[Python-Dev] Restoring the aliases for the non-Unicode codecs

Nick Coghlan ncoghlan at gmail.com
Wed Nov 13 15:29:51 CET 2013

Back in Python 3.2, the non-Unicode codecs were restored to the
standard library, but without the associated aliases (mostly due to
some thoroughly confusing error messages when they were mistakenly
used with the Unicode encoding convenience methods).

The long gory history in http://bugs.python.org/issue7475 took a
different turn earlier this year when I noticed
(http://bugs.python.org/issue7475#msg187698) that the codecs module
already *had* type neutral helper functions in the form of
codecs.encode and codecs.decode, and has had them since Python 2.4.
These were covered in the test suite, but not in the documentation.

That realisation substantially changed my perspective on the issue,
since it was no longer a matter of adding a new API, but of better
documenting and facilitating the use of one we already had (and was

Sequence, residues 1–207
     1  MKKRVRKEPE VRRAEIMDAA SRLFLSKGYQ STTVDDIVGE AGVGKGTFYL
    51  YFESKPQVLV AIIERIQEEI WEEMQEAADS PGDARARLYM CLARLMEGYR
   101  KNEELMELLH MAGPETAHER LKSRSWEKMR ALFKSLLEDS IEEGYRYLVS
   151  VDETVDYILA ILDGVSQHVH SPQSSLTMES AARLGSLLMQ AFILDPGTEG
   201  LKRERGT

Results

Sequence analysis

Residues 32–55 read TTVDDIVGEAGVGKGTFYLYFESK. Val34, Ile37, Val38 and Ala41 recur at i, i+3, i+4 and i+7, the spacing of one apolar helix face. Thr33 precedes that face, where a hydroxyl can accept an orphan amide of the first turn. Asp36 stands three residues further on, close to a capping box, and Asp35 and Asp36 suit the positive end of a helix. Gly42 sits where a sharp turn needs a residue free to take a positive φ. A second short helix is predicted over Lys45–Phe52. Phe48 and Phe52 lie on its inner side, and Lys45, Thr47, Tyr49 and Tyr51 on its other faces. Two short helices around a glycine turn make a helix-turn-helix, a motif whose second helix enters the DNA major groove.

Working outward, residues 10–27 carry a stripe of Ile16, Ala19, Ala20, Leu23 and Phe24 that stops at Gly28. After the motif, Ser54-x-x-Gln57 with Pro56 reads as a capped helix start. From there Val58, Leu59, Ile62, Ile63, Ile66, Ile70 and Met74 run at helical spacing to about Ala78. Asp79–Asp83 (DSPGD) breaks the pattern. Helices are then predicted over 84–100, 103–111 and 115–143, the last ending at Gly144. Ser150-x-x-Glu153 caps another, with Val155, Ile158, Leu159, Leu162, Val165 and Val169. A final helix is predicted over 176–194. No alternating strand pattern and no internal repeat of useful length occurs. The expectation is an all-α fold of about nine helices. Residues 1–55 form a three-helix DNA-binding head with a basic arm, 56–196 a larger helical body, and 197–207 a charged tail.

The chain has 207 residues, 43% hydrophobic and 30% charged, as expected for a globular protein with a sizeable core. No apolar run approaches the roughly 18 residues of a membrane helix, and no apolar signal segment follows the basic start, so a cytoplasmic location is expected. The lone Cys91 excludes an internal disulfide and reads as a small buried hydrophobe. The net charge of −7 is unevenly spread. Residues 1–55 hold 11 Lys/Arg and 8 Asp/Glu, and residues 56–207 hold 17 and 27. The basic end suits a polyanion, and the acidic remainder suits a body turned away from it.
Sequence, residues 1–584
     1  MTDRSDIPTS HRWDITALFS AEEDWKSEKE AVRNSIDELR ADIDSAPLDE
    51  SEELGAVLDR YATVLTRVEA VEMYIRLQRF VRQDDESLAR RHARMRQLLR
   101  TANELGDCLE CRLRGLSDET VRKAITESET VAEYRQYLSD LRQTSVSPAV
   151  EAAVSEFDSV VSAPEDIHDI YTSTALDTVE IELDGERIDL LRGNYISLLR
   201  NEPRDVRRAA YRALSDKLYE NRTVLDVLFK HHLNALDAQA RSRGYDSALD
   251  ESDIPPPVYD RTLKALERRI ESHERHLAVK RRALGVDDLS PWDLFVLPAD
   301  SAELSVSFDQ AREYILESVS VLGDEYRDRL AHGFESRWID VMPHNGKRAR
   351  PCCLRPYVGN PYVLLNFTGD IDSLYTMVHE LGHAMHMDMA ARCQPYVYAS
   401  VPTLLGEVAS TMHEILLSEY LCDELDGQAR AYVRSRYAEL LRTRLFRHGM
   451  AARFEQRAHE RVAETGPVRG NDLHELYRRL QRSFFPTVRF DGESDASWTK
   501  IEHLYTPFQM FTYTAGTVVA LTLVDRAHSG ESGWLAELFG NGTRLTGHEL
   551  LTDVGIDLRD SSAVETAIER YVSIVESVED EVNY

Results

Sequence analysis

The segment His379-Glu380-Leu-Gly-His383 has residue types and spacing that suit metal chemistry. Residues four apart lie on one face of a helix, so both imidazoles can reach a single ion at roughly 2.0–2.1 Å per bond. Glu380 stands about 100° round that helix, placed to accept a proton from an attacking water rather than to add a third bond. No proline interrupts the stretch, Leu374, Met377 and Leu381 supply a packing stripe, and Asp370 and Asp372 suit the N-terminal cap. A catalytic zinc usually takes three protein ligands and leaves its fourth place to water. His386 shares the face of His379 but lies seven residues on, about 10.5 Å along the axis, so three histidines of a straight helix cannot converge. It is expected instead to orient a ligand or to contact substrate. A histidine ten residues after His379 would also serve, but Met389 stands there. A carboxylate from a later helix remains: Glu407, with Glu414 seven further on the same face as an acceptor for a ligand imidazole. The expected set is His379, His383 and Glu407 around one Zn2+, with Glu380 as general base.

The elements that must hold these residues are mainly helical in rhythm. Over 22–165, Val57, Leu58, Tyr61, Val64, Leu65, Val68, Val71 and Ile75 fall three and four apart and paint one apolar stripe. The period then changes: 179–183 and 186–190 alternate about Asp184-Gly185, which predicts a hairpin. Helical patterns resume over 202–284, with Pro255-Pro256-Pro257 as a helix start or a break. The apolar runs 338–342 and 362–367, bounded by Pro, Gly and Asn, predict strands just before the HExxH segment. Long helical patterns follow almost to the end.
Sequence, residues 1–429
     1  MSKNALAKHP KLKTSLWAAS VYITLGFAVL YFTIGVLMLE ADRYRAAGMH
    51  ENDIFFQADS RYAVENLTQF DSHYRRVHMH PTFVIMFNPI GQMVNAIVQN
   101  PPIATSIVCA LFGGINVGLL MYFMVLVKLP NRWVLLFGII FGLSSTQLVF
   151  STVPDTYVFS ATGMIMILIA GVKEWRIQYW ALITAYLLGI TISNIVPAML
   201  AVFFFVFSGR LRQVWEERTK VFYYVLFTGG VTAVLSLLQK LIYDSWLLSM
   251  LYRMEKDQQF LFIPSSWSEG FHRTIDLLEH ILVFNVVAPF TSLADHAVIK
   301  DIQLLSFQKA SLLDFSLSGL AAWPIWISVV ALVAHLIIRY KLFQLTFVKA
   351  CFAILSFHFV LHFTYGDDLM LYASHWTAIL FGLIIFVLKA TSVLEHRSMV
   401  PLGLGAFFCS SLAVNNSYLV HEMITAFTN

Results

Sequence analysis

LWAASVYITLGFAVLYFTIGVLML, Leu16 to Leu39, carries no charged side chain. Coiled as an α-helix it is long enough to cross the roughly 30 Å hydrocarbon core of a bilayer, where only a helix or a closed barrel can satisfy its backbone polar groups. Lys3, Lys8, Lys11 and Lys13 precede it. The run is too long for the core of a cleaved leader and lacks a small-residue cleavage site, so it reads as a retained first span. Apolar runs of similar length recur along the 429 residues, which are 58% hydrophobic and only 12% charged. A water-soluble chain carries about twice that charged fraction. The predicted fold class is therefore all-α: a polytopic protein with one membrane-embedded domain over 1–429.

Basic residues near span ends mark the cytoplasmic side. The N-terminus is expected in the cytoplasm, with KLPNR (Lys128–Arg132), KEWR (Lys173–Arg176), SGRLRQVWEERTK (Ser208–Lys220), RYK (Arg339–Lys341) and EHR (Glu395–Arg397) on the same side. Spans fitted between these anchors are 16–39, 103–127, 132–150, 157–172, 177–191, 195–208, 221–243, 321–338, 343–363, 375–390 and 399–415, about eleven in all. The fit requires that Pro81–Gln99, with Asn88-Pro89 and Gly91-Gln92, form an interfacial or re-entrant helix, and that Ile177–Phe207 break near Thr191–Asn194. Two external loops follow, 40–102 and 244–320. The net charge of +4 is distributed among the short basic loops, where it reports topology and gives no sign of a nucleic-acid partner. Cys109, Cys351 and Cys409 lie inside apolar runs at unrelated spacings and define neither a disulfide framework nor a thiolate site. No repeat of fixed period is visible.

supported all the way back to Python 2.4, make it easy to use in
single-source Python 2/3 projects as well). Since then, three key
supporting issues have been addressed for Python 3.4:

* codecs.encode() and codecs.decode() have been documented in 2.7, 3.3
and default (http://bugs.python.org/issue17827)
* codec errors have been updated to incorporate the name of the codec
whenever feasible, and output type errors in Unicode encoding
convenience methods refer uses to the type neutral object<->object
convenience functions (http://bugs.python.org/issue17839)
* the especially confusing errors from the base64 codecs have been
eliminated by updating the base64 module to use memoryview to process
binary input rather than explicit typechecks on builtin types

So, with those underlying issues resolved, I would now like to restore
the aliases for the non-Unicode codecs that were removed in
http://bugs.python.org/issue10807 (aliases) and
http://bugs.python.org/issue17841 (docs).

I also looked into the possibility of providing appropriate 2to3
fixers, but the data driven nature of the problem makes that
impractical. However, the presence of codecs.decode and codecs.encode
in Python 2.4+ makes a new Py3k warning in 2.7.7 a viable option:


P.S. Until the next docs rebuild, you can see a summary of the
non-Unicode codec handling improvements in the What's New diff here:

Nick Coghlan   |   ncoghlan at gmail.com   |   Brisbane, Australia

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